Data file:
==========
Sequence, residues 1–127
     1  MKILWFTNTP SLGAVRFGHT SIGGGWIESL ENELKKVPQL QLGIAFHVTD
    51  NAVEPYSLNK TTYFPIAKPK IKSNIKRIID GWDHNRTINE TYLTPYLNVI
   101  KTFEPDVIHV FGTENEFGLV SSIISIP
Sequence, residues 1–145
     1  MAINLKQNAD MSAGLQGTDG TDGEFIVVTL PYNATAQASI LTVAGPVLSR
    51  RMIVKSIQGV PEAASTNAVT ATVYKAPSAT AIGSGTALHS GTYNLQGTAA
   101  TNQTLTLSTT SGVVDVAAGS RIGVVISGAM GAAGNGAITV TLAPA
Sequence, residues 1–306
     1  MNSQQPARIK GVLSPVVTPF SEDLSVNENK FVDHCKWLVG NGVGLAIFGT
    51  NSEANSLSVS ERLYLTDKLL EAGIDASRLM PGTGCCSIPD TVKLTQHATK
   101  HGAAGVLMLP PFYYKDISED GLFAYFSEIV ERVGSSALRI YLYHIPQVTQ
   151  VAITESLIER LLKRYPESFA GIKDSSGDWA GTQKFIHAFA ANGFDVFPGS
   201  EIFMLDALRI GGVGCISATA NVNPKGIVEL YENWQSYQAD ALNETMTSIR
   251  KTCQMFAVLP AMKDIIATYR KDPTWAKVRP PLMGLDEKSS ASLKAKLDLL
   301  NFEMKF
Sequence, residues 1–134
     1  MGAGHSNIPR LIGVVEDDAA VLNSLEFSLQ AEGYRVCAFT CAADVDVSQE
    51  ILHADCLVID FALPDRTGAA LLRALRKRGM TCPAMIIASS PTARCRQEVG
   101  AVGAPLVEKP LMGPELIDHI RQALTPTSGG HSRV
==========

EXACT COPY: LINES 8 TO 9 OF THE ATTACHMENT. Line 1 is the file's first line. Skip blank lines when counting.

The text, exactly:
   101  TNQTLTLSTT SGVVDVAAGS RIGVVISGAM GAAGNGAITV TLAPA
Sequence, residues 1–306